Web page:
Consumers lose appetite for dining out says research
Post by Sean Davies
on 16 March 2012 in Food & Drink
Brits have cut down on meals out in a bid to save money, new figures have suggested.
Data compiled by independent research company The NPD Group showed that on average, consumers made 15 fewer visits out for food last year, compared to 2008.
According to a report by Eat Out magazine, the steepest drop was noticed among 18-24-year-olds who made an average of 222 visits to eateries in 2008, but just 184 visits last year. In total, the eating out of home market shrank by 90 million visits last year, the research claimed.
Guy Fielding, business development director for Foodservice Europe at The NPD Group, described the environment as "fiercely competitive". He said as consumers become more cost-conscious, brands needed to "attract and claim" their market share.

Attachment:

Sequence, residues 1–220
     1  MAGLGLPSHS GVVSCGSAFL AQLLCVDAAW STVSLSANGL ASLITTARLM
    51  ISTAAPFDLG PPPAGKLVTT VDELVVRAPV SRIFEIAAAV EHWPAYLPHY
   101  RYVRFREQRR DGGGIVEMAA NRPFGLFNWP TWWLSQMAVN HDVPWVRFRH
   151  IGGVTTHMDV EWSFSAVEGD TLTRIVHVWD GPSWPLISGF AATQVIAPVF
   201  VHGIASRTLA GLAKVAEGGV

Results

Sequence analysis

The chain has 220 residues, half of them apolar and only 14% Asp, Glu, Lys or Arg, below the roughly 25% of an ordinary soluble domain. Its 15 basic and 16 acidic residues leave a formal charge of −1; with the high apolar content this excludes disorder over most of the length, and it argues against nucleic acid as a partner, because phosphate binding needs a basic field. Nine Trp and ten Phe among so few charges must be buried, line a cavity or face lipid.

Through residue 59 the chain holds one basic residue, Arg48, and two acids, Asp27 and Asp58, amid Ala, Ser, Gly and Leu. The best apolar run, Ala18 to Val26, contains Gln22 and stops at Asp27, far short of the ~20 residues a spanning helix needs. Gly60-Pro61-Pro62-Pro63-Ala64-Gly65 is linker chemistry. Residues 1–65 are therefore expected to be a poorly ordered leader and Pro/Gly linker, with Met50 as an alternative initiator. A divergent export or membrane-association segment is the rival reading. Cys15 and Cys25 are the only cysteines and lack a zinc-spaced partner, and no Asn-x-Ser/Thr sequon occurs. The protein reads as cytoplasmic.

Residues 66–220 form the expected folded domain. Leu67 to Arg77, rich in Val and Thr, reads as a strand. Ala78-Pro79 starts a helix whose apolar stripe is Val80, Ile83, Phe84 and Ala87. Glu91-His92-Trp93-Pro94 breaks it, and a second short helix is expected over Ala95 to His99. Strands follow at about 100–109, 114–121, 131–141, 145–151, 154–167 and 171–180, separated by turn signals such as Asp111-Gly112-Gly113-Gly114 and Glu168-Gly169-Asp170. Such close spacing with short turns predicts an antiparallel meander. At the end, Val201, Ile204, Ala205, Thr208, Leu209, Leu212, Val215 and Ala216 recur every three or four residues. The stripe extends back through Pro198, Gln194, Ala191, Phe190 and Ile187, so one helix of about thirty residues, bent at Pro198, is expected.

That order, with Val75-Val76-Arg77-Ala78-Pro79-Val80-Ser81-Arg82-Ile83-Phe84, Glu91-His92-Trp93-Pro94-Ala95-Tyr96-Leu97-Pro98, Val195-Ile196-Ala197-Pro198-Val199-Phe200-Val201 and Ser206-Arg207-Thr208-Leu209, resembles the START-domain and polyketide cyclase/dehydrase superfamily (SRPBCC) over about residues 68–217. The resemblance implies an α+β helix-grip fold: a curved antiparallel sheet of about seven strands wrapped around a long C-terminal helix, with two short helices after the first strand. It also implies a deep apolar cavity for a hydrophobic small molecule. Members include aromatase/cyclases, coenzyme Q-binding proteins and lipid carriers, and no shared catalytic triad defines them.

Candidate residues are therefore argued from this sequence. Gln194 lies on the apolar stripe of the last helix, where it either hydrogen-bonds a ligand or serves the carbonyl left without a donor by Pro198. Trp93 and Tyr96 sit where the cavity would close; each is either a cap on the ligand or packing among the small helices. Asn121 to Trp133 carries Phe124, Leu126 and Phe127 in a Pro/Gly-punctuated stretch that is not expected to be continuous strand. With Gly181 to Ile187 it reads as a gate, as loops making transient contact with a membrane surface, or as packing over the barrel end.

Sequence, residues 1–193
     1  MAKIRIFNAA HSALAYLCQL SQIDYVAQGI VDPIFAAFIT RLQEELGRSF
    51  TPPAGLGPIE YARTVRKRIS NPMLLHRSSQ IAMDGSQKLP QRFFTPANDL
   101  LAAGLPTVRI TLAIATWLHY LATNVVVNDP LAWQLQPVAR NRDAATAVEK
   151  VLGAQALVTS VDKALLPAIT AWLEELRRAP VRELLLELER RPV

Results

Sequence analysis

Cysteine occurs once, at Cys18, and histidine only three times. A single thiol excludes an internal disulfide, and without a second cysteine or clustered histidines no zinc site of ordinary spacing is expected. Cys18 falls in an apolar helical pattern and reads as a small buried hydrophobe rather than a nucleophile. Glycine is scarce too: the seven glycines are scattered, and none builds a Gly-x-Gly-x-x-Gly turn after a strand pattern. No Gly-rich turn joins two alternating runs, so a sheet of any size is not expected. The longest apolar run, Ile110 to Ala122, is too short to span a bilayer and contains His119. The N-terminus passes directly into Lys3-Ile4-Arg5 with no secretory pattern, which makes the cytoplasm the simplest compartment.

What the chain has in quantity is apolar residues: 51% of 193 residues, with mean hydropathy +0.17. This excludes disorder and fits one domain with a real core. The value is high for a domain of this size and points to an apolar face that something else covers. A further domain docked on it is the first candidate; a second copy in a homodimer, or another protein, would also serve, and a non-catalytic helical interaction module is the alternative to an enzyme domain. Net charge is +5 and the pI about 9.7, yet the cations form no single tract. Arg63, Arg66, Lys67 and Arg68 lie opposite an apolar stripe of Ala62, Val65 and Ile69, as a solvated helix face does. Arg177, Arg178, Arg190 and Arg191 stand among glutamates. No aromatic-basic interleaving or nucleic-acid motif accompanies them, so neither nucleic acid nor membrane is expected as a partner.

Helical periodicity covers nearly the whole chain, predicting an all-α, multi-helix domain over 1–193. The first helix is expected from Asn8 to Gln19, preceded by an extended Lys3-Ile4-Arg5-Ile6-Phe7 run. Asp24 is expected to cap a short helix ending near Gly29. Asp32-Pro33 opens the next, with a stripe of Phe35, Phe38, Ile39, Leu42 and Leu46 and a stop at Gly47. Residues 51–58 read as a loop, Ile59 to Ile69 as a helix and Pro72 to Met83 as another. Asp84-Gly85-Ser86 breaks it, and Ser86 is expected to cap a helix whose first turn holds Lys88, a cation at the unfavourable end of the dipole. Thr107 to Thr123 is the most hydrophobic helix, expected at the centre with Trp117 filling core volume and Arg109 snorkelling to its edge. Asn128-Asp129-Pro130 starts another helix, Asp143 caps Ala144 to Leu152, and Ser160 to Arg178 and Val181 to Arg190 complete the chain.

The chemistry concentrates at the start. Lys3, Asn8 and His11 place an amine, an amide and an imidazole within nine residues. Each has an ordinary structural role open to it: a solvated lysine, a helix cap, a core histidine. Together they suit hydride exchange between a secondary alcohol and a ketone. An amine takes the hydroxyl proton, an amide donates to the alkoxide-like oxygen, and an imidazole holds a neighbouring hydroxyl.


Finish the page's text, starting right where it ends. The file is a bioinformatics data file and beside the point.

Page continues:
He said: "They need to offer a clear value proposition, and ensure that they communicate it to consumers with messaging that is relevant to them.
"Whether that message is value, healthy food, local sourcing, great service, or a place for kids and families, the brands that survive and thrive will have successfully moved beyond price, price, price."
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